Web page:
It is easy to see the effect of the strong northeasterly wind shear battering Tropical Storm Gaemi in satellite imagery from NASA. This true-color image acquired on Oct. 5 shows a large oval-shaped area of showers and thunderstorms associated with the storm, southwest of the exposed center of circulation.
NASA's Aqua satellite passed over Tropical Storm Gaemi as it was approaching Vietnam on Oct. 5, 2012 at 0550 UTC (1:50 a.m. EDT). A true-color image of the storm was captured by the Moderate Resolution Imaging Spectroradiometer (MODIS) instrument and shows bulk of showers and thunderstorms were clearly to the southwest of the center. The circulation center appears as a ring of concentric bands of clouds northeast of the large rounded area of clouds and showers associated with the storm.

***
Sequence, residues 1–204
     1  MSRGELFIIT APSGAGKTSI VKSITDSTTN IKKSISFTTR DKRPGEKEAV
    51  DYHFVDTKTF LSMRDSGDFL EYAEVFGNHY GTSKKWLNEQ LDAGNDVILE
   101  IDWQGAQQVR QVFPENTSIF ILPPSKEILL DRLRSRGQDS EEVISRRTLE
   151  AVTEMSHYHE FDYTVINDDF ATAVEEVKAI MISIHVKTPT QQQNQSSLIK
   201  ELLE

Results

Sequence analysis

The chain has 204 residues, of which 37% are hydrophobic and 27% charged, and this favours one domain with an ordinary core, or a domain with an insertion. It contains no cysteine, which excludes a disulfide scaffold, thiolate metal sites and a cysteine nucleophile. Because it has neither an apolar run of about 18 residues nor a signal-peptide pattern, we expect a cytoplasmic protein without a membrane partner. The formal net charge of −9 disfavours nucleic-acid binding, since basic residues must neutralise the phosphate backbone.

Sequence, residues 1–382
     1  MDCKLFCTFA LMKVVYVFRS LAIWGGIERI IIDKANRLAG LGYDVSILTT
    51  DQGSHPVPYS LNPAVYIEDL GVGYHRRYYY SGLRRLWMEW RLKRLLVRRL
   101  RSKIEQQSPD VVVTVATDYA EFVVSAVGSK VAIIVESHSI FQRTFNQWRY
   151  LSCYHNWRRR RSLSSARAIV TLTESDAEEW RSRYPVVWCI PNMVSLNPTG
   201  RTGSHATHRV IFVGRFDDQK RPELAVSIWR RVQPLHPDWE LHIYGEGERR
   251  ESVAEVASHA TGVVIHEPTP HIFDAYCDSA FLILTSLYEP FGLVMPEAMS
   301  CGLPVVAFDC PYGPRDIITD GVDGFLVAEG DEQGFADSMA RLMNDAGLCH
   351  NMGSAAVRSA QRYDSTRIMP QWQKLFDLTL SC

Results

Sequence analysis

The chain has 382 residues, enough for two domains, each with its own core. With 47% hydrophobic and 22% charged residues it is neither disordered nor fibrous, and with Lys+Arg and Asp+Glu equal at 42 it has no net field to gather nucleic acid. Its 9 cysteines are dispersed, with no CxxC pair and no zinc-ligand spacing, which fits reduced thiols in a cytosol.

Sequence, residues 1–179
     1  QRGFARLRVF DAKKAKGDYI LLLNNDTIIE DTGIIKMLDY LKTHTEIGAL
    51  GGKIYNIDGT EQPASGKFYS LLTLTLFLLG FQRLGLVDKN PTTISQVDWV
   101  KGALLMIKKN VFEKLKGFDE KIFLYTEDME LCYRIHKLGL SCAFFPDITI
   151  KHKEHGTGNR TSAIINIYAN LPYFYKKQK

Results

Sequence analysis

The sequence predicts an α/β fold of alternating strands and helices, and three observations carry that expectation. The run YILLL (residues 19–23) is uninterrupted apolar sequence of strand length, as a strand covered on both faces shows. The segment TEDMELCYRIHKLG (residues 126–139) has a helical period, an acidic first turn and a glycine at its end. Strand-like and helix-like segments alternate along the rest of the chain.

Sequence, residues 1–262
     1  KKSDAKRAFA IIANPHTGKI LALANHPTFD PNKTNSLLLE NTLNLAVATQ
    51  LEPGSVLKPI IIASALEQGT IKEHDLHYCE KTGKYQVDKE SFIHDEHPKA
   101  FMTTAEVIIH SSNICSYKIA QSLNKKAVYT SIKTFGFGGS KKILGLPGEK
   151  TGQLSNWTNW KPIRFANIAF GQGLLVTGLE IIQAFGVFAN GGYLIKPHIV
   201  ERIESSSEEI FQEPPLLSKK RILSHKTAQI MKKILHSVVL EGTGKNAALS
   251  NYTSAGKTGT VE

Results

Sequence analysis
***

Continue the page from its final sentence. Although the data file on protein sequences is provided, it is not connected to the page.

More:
On Tuesday, October 5, 2012 at 1500 UTC (11 a.m. EDT), Tropical Storm Gaemi still had maximum sustained winds near 35 knots (40 mph/65 km/h) as it did 24 hours before. It was located 425 nautical miles (489 miles/787 km) east of Hue, Vietnam near 14.7 North latitude and 117.7 East longitude.
Early on October 7, Tropical Storm Gaemi made landfall over Vietnam with wind speeds reported at 34 mph (55 mph), and bringing rainfall of more than 4 inches in some areas of Vietnam. Once ashore, the storm quickly moved inland and rapidly weakened as it headed towards Cambodia. With winds reduced, Gaemi served primarily as a rainmaker, but the rain may bring flooding and landslides to the region.